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Trying to insulate underhouse garage a bit

Posted by bfg9k (My Page) on
Mon, Nov 1, 10 at 11:37

My kid's bedroom is directly above the 1-car garage in our 1950's ranch. It tends to be very cold. There is some insulation in the ceiling but it's minimal. Since the plaster ceiling in the garage is sort of crumbly I can't get someone to blow in cellulose without risking the ceiling falling out...so a "real" fix will have to wait another year or two. At that point the ceiling will be replaced and I'll probably just hire someone to spray a thick layer of foam before re-drywalling.

However, it has occurred to me that I could drill holes at the edge of the ceiling on the external wall, poke the straw of a can of max expanding foam in there, and try to get some foam up onto the band joist to try to seal off some of the air infiltration. The bottom edge of that wall in the bedroom can get condensation if a blanket is left against it at night in the wintertime.

Question: is this likely to be at all successful, or not worth the trouble?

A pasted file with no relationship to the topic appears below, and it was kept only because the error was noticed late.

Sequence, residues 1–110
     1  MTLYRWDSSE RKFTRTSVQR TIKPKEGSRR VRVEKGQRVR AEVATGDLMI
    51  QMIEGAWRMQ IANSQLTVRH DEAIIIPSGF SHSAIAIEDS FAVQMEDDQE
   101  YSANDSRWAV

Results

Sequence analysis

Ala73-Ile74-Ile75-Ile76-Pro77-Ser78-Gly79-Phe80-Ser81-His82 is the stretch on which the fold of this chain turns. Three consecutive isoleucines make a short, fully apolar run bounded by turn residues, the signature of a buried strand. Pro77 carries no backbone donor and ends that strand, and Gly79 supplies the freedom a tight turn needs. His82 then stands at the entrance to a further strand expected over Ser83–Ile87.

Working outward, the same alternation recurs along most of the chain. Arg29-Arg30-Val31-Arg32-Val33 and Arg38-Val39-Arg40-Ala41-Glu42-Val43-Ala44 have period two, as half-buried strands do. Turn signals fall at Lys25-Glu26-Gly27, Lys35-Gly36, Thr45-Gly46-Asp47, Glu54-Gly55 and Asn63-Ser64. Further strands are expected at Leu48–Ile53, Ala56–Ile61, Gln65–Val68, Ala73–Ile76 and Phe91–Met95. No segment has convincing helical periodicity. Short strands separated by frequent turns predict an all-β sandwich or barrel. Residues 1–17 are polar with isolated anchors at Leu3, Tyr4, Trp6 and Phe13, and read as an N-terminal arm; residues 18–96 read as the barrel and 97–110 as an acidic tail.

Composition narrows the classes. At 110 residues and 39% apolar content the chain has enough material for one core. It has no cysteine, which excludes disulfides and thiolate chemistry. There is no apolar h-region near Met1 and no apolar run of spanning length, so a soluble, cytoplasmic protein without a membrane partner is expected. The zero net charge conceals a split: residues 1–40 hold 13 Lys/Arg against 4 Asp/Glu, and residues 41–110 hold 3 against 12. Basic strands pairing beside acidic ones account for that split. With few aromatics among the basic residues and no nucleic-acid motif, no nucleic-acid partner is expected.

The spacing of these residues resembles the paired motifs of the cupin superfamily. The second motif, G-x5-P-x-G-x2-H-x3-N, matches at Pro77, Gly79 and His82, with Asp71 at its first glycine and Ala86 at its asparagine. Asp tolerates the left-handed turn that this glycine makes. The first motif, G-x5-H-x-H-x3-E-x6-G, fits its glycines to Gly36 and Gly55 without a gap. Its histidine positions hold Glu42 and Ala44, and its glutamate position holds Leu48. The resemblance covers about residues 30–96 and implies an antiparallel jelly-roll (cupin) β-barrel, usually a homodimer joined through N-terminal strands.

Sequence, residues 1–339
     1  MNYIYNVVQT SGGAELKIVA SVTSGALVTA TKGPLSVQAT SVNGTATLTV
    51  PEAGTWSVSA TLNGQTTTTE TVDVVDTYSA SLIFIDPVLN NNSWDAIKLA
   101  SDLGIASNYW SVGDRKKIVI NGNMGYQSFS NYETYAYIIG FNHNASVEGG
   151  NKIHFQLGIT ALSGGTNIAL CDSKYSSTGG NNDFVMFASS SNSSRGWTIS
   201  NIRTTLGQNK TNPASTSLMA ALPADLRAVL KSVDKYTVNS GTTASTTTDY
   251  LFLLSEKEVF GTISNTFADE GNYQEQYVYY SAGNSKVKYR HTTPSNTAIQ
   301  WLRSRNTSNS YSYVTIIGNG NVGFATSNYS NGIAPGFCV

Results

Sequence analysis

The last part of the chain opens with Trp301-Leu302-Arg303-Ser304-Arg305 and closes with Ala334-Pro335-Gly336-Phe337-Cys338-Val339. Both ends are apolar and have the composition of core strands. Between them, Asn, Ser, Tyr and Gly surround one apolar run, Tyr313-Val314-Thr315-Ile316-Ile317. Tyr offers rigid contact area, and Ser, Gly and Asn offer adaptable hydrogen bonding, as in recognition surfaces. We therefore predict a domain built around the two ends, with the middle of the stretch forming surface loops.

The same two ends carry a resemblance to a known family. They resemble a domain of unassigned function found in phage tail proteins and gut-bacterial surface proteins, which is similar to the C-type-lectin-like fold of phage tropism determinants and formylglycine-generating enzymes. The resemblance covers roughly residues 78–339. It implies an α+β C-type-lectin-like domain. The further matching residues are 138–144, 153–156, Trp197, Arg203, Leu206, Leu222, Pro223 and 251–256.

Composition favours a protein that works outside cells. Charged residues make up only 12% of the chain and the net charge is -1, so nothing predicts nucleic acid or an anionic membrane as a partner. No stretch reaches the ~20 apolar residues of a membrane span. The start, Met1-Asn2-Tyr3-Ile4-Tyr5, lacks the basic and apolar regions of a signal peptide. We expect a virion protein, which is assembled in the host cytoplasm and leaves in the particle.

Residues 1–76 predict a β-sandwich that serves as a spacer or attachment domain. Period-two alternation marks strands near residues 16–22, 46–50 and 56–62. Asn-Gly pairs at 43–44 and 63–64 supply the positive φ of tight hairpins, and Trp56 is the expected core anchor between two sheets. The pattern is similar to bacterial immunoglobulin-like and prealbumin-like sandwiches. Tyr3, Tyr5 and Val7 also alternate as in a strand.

Follow-Up Postings:

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RE: Trying to insulate underhouse garage a bit

I don't think it will help. You won't really be able to see what you are doing, and insulating tends to be very ineffective unless you can do a complete job. I vote for doing the renovation ASAP before the kid's growth gets stunted!


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RE: Trying to insulate underhouse garage a bit

I would remove the crumbling ceiling now and then insulate, as you will be able to see what you are doing..
Kudzu is absolutely correct, the insulation and vapor barrier must be 100%....
For now, use an electric blanket or a down comforter..
That trapped moisture is a problem...


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RE: Trying to insulate underhouse garage a bit

Agreed, just tear it down and do it right. A 1-car garage should not be that expensive.

Check with your local building inspector BEFORE hiring a person. Codes have changed from the 1950's and there may be different requirements for a garage ceiling under a living space, perhaps not using foam, perhaps thicker plasterboard for fire resistance. If the 1950's beams are only 6" deep you might consider adding thickness to fit more insulation. Again, this is not terribly costly.


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